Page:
Niloofar Qureshi

Kashmir Issue- conflict of emotions and rationality

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Muhammad Rafi Bhat was an assistant professor working in the Sociology Department of Kashmir University (KU) on contractual basis till Friday after which he went missing. Twenty four hours later his parents learnt that he had joined Hizbul Mujahideen (HM) and before this shocking news could sink in he was dead. Bhat was one amongst the five militants killed in an encounter with forces in Badigam village of Shopian on Sunday. While his colleagues were experienced militants, Bhat himself had joined the HM just a day earlier and thus there are bright chances that this 33 year old academician may not even have had the opportunity of learning how to use the AK 47 properly.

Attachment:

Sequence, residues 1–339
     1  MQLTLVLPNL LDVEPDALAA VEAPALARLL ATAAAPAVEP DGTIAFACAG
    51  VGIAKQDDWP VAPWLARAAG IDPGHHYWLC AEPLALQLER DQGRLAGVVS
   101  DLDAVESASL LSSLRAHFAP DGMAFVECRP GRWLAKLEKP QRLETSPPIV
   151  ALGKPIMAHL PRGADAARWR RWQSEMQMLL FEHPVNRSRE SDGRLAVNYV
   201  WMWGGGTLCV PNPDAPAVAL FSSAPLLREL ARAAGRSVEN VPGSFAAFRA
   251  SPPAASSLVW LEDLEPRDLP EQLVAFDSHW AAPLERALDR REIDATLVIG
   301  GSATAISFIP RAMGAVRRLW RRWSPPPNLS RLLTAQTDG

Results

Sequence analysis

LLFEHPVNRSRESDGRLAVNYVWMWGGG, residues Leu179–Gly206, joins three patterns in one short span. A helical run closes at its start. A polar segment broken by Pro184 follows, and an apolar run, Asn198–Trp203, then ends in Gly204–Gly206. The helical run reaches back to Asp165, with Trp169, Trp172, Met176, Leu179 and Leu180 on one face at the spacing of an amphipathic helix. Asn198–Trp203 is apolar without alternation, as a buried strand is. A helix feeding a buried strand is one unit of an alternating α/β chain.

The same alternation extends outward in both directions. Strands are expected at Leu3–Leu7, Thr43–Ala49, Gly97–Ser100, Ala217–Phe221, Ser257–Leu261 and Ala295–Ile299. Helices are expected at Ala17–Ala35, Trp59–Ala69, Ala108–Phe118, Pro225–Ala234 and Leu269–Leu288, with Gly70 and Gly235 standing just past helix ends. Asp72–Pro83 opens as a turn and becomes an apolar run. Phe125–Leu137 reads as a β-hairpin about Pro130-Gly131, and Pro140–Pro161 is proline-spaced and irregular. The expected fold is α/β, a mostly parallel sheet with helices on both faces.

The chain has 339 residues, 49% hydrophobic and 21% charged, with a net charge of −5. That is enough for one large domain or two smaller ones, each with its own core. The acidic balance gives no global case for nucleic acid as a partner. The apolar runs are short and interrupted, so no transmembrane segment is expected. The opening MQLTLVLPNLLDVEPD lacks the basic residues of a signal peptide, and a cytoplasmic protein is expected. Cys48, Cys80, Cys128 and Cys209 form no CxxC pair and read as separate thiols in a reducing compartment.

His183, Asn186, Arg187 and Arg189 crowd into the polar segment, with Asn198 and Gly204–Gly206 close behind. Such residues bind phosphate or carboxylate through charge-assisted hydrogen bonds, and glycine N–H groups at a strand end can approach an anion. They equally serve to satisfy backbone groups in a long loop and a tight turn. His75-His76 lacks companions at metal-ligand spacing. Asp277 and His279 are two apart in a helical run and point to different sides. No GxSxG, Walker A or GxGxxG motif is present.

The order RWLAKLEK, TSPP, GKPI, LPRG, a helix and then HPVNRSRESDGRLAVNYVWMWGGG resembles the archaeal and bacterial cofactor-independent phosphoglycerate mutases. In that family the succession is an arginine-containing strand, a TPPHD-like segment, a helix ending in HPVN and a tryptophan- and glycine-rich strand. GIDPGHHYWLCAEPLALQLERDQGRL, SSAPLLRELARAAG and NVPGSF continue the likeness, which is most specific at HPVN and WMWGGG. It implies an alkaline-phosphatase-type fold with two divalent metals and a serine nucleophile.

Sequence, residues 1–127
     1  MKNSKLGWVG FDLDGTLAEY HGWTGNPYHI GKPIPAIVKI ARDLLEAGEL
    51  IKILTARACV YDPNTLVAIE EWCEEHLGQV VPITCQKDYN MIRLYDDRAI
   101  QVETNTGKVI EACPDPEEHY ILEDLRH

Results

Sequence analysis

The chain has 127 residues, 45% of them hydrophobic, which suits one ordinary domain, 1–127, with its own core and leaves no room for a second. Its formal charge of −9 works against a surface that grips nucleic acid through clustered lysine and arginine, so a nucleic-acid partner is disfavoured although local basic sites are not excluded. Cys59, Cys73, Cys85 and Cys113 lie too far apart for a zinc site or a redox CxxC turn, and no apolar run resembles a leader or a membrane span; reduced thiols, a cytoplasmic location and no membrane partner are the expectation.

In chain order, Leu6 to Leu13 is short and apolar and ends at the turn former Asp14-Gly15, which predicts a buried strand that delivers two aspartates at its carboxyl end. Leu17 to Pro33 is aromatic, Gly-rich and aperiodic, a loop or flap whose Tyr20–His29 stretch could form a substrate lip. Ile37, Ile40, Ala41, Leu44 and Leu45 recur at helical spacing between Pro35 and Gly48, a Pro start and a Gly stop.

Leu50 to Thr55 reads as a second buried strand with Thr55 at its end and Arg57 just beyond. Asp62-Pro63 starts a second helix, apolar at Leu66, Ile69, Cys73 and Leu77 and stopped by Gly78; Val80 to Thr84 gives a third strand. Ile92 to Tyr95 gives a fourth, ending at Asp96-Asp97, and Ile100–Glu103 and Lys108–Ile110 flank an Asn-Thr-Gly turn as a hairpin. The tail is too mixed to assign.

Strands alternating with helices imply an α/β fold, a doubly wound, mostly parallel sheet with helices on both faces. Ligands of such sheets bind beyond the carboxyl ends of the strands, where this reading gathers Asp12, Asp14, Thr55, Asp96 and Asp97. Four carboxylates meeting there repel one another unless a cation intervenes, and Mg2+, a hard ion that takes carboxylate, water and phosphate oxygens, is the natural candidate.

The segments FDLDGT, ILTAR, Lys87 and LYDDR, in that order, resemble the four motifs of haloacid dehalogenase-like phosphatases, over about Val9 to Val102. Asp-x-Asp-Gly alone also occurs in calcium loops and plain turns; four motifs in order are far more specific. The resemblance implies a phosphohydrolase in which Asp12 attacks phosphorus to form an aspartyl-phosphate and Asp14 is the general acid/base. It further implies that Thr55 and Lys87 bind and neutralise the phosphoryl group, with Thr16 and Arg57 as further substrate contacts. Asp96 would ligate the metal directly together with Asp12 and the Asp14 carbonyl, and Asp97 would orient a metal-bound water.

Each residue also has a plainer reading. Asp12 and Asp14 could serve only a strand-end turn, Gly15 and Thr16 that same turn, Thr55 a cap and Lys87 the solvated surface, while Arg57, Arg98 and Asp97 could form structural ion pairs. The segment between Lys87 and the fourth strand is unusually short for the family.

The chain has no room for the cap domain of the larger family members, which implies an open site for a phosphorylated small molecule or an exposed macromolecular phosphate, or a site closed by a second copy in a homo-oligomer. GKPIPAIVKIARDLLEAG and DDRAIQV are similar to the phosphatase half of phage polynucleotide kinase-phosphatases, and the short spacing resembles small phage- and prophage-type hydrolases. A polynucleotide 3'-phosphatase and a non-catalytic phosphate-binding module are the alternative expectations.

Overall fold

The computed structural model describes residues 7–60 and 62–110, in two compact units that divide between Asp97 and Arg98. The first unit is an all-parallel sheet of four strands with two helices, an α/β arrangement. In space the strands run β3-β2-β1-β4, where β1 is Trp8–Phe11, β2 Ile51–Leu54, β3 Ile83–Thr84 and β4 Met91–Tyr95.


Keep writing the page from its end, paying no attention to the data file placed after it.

Besides these five HM militants, another five people also lost their lives during the protests that followed. This tragic incident has once again brought out the futility of violence by reminding us of how militancy has claimed thousands of lives in the last three decades and is continuing to do so without achieving anything. However, for those who thrive on ‘coffin politics’ Bhat’s death has come handy. It has helped ex-Chief Minister Omar Abdullah to strengthen his pet allegation of how the PDP led coalition government is responsible for everything that is going wrong in the state. And by tweeting “Sadly this is also an answer to those who claim jobs & development is the solution to the violence & alienation in Kashmir,” Abdullah has demonstrated how politicians are adept in even using human tragedy to their advantage.